The Washington Animal Rescue League is welcoming 39 dogs rescued from a puppy mill in Kentucky to its Northwest D.C. facility, and all of them are looking for a good home.
The puppies -- miniature pinschers, schnauzers, westies and other mostly small breeds -- are part of a larger group of 136 canines that were removed earlier this week from a commercial dog breeding facility in Rowan County, Ky.
Pam Townson, spokesperson for Washington Animal Rescue League, says the owner of the mill pleaded guilty earlier this month to two counts of misdemeanor animal cruelty and was forced to forfeit ownership of the dogs.
"The ASPCA let us know -- we partner with them on a lot of puppy mill rescues -- and they asked if we would take in some of the animals," Townson said as she stood outside the shelter with the puppies Tuesday.
The pups, who appeared cautious and excited at the same time, arrived in carriers loaded in the back of a semi-tractor trailer. As the unloading began, they were met by WARL's president, Dr. Gary Weitzman, who is immediately consumed with their welfare. (Weitzman is also a contributor to WAMU 88.5's program The Animal House.)
"Frankly, they've been through hell," he said. "That’s just the short answer. Many have been in hog crates, chicken wire crates, they've never touched the ground, they've never been petted, and in most cases have never had medical care."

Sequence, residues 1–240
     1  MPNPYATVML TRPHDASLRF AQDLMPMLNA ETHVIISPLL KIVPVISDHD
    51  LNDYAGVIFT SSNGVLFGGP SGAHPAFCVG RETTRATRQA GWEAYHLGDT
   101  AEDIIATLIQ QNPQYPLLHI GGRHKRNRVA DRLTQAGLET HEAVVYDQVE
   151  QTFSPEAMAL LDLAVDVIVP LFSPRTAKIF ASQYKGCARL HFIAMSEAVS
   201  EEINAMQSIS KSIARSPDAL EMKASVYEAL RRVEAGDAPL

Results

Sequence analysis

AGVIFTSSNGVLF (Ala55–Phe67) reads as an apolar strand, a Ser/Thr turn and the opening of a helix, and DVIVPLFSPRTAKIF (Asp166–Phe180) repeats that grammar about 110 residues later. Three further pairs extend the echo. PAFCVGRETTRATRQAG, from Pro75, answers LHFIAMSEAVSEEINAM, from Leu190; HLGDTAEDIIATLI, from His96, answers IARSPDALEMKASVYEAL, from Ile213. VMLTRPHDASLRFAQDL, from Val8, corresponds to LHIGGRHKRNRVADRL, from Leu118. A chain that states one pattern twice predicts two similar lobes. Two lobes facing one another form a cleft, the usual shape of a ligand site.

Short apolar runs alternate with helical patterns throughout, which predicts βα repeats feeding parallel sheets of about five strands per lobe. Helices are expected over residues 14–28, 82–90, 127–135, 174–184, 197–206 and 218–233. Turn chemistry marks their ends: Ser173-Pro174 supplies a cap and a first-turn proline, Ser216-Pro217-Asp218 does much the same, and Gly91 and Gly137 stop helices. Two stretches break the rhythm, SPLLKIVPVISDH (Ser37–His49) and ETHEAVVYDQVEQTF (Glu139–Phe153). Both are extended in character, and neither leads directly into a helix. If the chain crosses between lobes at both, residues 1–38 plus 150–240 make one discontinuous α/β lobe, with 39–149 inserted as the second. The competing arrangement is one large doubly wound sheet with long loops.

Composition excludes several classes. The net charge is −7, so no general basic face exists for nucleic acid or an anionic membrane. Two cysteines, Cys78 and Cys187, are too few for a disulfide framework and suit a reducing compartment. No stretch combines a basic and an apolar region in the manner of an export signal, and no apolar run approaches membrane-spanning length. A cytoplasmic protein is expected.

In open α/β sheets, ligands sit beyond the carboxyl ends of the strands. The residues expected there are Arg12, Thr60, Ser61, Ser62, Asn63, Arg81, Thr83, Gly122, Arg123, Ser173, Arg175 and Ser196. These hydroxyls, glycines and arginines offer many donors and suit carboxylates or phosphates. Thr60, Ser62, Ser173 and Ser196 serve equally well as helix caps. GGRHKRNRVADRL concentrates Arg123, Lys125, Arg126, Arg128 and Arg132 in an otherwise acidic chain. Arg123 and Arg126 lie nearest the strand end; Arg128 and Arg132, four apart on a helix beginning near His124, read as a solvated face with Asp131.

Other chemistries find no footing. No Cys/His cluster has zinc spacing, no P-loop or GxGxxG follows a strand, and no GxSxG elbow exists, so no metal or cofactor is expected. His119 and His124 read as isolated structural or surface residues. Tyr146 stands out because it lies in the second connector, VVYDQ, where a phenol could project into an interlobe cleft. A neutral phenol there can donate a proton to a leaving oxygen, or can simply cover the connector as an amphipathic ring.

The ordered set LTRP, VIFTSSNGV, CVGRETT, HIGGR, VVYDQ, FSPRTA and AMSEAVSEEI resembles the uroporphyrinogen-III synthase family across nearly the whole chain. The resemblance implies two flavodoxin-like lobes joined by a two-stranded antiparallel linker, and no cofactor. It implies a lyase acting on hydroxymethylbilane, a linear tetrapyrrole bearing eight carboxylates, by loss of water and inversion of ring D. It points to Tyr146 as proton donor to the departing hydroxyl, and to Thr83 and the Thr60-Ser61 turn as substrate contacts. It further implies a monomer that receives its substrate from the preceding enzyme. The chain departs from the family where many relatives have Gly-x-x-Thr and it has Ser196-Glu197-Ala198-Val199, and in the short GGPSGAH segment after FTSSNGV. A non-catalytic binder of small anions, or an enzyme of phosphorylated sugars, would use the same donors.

But that will change, starting now, Weitzman added. First, the dogs were evaluated, vaccinated, and given a quick bath in a yellowish disinfectant that smells a lot like sulfur.
As trying as this might be for all involved, Weitzman said getting the animals physically conditioned and healthy enough for adoption is just part of the challenge.
"…But even harder, in a lot of cases, is to get animals who have never been a pet to learn how to be that," he said. "So we have about 10 trainers and behaviorists that work one-on-one with these dogs to get them to learn how to be dogs again."
Still, there is hope for any dog that has been rescued, which can often be seen in their wagging tails and playfulness, Weitzman said the day before the pups arrived. "In spite of the horror these dogs have been through, and lack of love or attention or compassion, they recover so quickly and in a lot of cases become dogs again," he says. "It's really amazing. They're afraid, but they come up and wag their tail and want to play. They've really forgiven us for what humanity has done to them pretty quickly."
Soon, all 39 dogs were relatively comfortable in their new, presumably temporary, digs. Following a full evaluation, all will be available for adoption and a move to a newer, more permanent home.